Use HRDF funds to train lower-level, retrenched workers as well

Lower-level workers are often deprived of training, with the reasoning that productivity is lost if they are sent for training. (Bernama pic)

There was an interesting letter in one of the newspapers recently asking for the Human Resources Development Fund (HRDF) deductions to be stopped.

The writer was unhappy that in 2016, HRDF unilaterally decided that 30% of all employer contributions would be placed in a central fund. This resulted in the vast majority of employers having inadequate money in the HRDF to fund their own training programmes, he said.

While the writer has rightly raised pertinent points of unilateralism and abuse of funds, he seems to address the issue in a narrow sense where employers are regarded as the sole owner of the funds, when in reality workers’ contributions at work have also played a major part in helping an organisation attain its desired profits.

Training and development should not be seen as the sole prerogative of employers but a shared responsibility to ensure that all Malaysians have the opportunity to be trained in their chosen professions so that the nation can increase the number of skilled workers.

Being in the manufacturing sector for 30 years I have observed how the training programmes funded by HRDF have catered mostly to supervisory and middle management staff while lower-level workers are deprived of training, with the reasoning that productivity is lost for the day if a machine operator is sent for training. It is these workers and those retrenched who require the 30% the writer was talking about.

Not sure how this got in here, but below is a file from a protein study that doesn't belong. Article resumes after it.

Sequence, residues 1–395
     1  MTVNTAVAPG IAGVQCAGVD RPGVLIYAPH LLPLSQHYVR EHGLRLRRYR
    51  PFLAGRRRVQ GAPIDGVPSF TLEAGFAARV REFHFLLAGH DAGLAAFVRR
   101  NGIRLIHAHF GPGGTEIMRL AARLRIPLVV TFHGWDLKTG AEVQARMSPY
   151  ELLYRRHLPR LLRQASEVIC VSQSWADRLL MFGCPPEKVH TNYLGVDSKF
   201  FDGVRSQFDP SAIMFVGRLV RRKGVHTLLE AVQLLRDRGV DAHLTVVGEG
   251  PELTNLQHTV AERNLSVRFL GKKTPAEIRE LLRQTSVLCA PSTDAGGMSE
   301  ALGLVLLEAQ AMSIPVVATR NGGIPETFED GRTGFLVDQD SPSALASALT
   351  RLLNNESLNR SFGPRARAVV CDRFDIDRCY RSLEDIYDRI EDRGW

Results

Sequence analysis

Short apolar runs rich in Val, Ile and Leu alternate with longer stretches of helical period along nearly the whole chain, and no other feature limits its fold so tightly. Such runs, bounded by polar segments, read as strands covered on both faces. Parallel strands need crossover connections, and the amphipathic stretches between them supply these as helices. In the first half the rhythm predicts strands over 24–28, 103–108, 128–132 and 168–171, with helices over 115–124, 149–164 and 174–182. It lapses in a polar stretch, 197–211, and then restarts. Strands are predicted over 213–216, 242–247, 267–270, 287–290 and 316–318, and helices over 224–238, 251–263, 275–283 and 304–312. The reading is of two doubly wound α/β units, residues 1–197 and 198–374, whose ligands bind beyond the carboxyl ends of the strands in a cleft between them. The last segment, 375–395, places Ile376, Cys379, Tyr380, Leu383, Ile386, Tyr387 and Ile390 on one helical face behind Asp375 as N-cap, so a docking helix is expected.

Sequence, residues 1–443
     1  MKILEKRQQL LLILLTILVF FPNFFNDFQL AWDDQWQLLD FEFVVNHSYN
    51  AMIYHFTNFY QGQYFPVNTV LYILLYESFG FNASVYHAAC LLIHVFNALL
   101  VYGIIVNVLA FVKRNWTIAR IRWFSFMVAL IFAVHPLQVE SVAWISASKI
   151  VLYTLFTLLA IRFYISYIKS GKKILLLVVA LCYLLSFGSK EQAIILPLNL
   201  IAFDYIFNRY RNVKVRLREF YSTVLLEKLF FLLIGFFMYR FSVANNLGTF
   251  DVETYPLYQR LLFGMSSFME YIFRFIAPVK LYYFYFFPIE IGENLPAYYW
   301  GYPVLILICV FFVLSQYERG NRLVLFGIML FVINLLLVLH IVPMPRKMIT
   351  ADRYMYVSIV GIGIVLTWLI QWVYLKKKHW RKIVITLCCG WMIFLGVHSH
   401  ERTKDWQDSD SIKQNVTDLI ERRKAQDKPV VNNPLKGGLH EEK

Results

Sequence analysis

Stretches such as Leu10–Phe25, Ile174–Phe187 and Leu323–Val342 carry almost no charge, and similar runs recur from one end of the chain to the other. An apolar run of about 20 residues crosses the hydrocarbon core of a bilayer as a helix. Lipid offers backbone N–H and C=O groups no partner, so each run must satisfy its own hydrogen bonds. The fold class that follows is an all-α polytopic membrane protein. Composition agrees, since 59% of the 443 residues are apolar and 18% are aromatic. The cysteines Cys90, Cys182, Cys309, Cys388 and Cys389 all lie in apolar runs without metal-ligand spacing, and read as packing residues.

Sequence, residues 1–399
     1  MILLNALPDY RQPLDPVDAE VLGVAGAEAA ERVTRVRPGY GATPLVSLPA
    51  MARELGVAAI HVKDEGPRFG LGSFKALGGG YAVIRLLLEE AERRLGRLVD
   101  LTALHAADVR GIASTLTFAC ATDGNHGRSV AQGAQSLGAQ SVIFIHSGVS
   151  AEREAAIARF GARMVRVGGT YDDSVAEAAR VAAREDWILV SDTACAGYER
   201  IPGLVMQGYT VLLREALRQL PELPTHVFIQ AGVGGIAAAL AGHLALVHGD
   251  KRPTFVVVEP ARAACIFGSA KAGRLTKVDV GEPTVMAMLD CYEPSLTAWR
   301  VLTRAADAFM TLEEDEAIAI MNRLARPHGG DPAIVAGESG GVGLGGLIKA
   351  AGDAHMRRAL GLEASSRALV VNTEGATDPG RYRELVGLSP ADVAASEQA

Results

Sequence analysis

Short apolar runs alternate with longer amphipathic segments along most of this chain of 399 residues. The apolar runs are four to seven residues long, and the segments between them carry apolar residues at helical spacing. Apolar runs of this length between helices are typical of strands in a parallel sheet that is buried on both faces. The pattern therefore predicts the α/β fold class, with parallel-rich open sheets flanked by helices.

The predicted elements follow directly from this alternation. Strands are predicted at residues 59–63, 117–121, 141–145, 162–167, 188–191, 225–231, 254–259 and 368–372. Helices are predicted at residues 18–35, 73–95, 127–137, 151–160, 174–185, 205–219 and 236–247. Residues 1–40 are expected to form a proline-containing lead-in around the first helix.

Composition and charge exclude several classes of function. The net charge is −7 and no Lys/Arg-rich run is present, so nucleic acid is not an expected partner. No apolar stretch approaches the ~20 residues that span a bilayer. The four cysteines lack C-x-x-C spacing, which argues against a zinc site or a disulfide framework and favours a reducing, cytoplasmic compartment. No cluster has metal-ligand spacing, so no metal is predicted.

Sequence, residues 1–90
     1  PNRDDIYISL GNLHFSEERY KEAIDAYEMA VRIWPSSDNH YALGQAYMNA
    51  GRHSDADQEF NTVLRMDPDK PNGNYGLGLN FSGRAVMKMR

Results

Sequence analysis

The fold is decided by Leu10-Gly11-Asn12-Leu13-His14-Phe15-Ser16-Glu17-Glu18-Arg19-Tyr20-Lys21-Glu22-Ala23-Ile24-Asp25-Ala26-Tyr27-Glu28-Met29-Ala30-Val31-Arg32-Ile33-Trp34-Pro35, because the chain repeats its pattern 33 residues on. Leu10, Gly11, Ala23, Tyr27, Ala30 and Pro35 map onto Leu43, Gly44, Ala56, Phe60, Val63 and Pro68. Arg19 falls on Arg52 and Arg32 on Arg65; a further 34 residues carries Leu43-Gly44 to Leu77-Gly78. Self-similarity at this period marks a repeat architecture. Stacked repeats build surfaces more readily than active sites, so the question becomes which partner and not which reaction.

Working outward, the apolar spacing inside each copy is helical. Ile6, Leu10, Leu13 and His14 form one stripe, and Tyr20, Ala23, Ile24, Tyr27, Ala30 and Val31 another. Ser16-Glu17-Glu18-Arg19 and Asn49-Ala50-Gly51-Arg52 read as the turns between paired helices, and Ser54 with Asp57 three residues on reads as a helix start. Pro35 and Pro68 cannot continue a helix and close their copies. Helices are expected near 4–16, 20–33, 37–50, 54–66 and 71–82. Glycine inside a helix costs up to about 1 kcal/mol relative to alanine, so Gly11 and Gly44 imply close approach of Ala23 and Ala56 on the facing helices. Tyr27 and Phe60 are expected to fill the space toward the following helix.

Now, there are allegations that the HRDF had used the money to sponsor junket tours and pay fat salaries and remunerations to directors and management staff.

It is laudable that new Human Resources Minister M Kulasegaran has decided to set up a body to investigate abuses in the management of HRDF funds, It is hoped that a more transparent system could emerge on how these funds are utilised to the benefit of both employer and employee. There is also a need for the human resources ministry to rein in the mushrooming of training providers whose quality is suspect. There is a tendency among these training providers to use these funds to enrich themselves, which goes against the true objective of the HRDF fund.

Therefore, it is vital not to burn the entire house just because there are white ants in a certain portion of the roof. There is no need to stop deductions just because there are people who abuse their authority.

If there is an element of corruption the law should take its course. There is a need to view the HRDF funds as a means for shared prosperity between employers and employees and serve the common good of the nation in the long run.

Ronald Benjamin is a FMT reader

The views of the writer do not necessarily reflect those of FMT.